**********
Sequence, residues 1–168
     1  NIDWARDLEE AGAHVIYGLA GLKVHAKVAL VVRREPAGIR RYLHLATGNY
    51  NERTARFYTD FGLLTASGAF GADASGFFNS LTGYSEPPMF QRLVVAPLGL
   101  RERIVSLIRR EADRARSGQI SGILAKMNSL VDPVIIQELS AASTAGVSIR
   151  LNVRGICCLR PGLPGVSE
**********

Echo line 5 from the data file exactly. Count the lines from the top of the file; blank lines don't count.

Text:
   151  LNVRGICCLR PGLPGVSE